Self-care for someone supporting a victim

Steps supporters can take to ensure their wellbeing while supporting a victim of sexual violence

Good self-care enables you to better care for others, especially if you are supporting someone who has survived sexual violence.

  • Maintain your lifestyle. It can be difficult to stay emotionally strong if you are mostly focusing on the sexual assault. Maintaining your lifestyle and continuing to do what you enjoy is important for your emotional wellness. If you enjoy painting, cooking, exercising, spending time with friends, or other activities, keep them up. It may seem challenging to make time to do these activities, but they can be helpful self-care strategies in the long run.
  • Reach out and talk about it. It’s normal to have a difficult time processing the sexual assault of someone you care about. It can continue to be difficult as time goes on and the victim/survivor begins the healing process. You can call the SMRC at 1-844-750-1648 to speak with a trained professional who understands what you’re going through for support, options or have questions answered.
  • Make plans. Sometimes talking about what happened can help you cope with your feelings, and other times it can make you feel more stuck. Make plans that give you a break from talking or thinking about the assault. It could mean starting a new hobby or revisiting one you already enjoy. You could go to dinner with a group of friends who understand this isn't time to discuss what happened. Maybe you prefer a solo activity, like going on long walks. Let this be a time where you can take your mind off the assault.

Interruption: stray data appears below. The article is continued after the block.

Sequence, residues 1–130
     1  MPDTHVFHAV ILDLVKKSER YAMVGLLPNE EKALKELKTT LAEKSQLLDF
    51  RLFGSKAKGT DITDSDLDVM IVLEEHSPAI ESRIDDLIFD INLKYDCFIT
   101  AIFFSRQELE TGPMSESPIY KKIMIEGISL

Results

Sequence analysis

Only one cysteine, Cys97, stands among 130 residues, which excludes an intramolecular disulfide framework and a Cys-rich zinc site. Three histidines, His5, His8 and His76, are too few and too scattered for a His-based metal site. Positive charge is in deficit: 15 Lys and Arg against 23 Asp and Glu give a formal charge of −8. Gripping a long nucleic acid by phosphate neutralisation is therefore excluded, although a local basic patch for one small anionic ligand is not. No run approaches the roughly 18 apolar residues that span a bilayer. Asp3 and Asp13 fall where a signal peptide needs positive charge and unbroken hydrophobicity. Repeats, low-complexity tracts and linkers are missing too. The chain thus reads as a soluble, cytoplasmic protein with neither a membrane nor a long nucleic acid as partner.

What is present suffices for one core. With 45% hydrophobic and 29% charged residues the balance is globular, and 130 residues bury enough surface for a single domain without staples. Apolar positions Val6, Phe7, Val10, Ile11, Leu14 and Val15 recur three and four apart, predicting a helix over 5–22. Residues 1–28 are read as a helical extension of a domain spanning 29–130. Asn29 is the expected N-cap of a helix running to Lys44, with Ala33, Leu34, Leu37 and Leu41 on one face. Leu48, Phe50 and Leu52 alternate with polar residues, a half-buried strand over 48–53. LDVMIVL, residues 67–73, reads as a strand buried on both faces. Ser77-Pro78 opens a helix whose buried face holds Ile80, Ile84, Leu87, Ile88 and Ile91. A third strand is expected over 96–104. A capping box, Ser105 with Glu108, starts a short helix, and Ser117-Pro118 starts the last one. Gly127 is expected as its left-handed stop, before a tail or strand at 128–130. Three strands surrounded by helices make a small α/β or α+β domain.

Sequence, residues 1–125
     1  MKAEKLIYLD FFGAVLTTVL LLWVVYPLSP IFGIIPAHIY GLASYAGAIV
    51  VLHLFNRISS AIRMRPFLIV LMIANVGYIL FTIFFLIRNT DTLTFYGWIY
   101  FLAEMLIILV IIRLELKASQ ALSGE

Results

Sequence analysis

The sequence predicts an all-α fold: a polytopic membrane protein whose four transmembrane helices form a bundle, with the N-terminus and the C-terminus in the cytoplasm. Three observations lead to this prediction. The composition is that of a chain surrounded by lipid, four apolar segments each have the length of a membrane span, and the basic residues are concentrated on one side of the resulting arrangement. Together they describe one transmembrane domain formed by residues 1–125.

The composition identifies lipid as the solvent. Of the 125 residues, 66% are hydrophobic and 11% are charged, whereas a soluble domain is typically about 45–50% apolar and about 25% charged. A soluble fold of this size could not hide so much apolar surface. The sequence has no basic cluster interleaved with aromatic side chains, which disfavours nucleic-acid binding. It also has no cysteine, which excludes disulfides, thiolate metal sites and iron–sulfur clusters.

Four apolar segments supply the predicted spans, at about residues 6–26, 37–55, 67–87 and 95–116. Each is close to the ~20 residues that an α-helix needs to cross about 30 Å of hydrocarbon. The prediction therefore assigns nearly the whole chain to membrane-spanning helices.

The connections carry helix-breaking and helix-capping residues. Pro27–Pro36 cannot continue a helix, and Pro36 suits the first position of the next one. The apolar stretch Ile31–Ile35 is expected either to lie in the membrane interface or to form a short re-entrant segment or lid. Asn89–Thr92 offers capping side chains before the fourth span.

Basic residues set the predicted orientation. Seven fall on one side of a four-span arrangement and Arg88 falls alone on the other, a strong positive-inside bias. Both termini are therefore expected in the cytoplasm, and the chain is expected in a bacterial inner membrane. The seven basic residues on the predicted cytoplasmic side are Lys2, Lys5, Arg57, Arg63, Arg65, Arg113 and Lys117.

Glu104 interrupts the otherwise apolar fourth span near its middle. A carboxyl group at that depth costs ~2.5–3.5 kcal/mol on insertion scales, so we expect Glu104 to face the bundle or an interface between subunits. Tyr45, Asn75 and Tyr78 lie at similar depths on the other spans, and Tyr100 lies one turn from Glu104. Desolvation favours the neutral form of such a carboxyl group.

• Take time to relax. Relaxation looks different for everyone. You might consider meditation or deep breathing exercises.  Maybe journaling helps you sort through your thoughts and find peace.  Build time into your day for these moments of relaxation so that you don’t skip out.
  • Understand the signs of vicarious trauma.  For someone who is providing continued support for a co-worker/friend/someone they supervise, an alleged offender, or for anyone who has been impacted by sexual violence, it is important to be aware of the signs of vicarious trauma, which can include:
    • becoming cynical or losing hope
    • avoiding social or work contact
    • becoming fearful and overprotective because the world is seen to be dangerous
    • setting rigid boundaries in relationships or, displaying a lack of boundaries and rescuing others
    • abandoning spiritual beliefs

Self-care isn’t always easy to take on by yourself.  To speak with someone who is trained to help, contact Mental Health / Injury resources.

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